Sitting in a small basket next to the upstairs bathroom sink are a number of books. Reading material for those “comfortable” moments we all need each day. Most of the books are filled with trivia, interesting riddles, conundrums, jokes and odd facts. I thought I’d treat  you to a  few of them today. Sound like fun? Aw, c’mon, give it a try. You’re smarter than you think. Here goes.

A well dressed businessman parks his car, gets out , makes sure the doors and windows are all locked, and even checks to make sure the trunk is not open. And yet, when he returns to the car a few minutes later, he finds a cat inside. How in the world did that cat get in there?

What can run but never walks
Has a mouth but never talks
A head but never weeps
A bed but never sleeps?

In an all red, one story house, what color are the stairs?

You take away the outside and cook the inside. Then you eat the outside and throw away the inside.
What am I?

So, now that your brain has been teased a bit and you’ve figured these all out you can go about your day. What? You didn’t figure them all out? Okay, then. Answers below.

1.    The car was a convertible.
2.    A river
3.    A one story house doesn’t have any stairs.
4.    Corn.

Have a super weekend!

Image: Free Digital Photos

Wednesday, June 4, 2014

Good Things are Coming

That thought occurred to me last night while I cleaned up the kitchen after supper. We were under a thunderstorm warning and as I washed and swept I kept one eye out the kitchen window. The air smelled of it. Summer.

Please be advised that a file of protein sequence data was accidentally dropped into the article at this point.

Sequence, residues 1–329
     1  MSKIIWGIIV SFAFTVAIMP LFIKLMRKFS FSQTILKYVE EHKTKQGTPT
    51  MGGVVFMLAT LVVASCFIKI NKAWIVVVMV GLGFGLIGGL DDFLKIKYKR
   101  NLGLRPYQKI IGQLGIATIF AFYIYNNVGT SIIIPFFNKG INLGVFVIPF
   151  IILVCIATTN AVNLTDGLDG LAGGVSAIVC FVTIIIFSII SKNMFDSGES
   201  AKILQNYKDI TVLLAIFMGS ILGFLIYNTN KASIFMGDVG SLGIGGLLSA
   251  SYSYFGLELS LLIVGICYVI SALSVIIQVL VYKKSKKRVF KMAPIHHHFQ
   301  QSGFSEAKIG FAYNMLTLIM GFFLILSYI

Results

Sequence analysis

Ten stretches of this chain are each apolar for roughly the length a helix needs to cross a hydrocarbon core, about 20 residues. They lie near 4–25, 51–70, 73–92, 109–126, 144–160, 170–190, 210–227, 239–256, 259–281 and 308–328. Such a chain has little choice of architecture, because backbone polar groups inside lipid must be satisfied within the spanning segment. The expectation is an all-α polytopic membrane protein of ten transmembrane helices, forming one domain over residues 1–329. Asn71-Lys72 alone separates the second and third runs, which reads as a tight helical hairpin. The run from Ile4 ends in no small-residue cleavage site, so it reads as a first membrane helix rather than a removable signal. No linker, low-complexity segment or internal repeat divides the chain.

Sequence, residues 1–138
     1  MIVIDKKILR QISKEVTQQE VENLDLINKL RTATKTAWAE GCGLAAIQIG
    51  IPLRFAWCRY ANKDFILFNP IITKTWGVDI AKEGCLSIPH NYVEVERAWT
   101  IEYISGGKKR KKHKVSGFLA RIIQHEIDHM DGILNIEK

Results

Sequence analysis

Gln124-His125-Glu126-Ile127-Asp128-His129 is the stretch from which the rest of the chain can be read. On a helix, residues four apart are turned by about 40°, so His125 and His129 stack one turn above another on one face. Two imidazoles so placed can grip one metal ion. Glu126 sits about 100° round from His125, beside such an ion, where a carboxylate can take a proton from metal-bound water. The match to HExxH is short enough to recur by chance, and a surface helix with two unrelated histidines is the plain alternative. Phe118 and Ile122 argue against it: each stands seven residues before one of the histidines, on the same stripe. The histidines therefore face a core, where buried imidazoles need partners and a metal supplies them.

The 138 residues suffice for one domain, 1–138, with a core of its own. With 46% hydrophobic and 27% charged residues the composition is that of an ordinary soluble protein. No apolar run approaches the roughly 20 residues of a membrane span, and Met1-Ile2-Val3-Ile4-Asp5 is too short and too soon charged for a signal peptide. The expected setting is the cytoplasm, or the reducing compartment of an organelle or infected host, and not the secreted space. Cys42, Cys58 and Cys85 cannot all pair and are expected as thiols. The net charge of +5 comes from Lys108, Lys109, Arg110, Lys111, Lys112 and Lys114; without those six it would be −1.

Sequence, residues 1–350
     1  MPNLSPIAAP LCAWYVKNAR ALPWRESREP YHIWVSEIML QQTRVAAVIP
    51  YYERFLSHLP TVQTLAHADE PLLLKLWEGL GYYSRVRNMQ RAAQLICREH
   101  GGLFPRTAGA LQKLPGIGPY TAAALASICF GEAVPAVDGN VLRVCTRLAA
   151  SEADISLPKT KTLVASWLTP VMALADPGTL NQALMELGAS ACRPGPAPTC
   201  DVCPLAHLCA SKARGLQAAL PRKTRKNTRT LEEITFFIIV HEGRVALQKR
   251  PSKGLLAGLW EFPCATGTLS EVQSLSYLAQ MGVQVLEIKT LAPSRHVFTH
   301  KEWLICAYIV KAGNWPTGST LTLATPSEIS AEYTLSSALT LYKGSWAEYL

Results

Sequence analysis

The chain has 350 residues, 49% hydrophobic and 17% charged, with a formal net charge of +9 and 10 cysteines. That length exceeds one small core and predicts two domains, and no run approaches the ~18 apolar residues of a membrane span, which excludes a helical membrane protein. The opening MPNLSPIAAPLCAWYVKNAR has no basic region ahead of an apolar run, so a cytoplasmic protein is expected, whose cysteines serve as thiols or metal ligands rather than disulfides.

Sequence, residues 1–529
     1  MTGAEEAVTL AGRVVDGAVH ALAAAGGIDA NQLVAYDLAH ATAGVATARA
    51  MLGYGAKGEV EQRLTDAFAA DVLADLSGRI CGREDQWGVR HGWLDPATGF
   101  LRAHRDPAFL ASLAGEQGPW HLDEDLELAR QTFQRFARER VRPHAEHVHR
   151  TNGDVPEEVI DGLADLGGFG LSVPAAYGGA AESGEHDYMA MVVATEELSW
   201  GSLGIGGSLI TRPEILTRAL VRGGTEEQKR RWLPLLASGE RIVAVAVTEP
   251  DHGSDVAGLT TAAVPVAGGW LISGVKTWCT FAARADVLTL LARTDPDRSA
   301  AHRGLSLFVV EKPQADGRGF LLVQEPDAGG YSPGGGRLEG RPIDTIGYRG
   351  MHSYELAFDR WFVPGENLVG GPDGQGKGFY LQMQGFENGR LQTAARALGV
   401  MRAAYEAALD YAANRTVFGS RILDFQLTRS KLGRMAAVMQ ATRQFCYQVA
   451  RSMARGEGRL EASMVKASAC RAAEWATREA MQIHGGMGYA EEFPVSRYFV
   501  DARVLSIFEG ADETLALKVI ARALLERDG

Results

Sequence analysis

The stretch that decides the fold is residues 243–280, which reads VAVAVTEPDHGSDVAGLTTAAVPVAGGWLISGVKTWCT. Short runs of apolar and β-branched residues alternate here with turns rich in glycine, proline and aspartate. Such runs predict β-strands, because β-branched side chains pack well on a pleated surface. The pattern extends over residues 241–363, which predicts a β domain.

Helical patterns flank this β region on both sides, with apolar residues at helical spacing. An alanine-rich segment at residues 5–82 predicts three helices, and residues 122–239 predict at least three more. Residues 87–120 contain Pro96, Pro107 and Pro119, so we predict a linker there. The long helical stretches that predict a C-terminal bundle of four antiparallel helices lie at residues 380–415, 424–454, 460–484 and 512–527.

Other thoughts came pouring in after that like -  kiddy pools and wet swimsuits hung out to dry after everyone has had their fill of the six inches of water that filled it. The slap dash way that kids play in a small amount of water always intrigues me. And, yet, I remember being thrilled by the idea when I was young.  My parents had friends with an in ground pool. The woman was very nice and told Mom to give a call and we could come over any time. Mom shied away from that sort of thing so we had to beg and beg and beg her to make that call. And when she did it was glorious. We spent hours bouncing and bobbing and giving chase in the blue depths of “Pat’s pool.”

A screen door slamming. The hinges have a whole different squeak when it’s 85 degrees out than when the storm glass is in. And popsicles. Mom broke them through the white paper covering. We never got a whole one. We’d watch and hope for an even break because if they didn’t one of us was left crying with our half popsicle in two pieces. The shame. But we’d eat it anyway because there was no way we were getting another.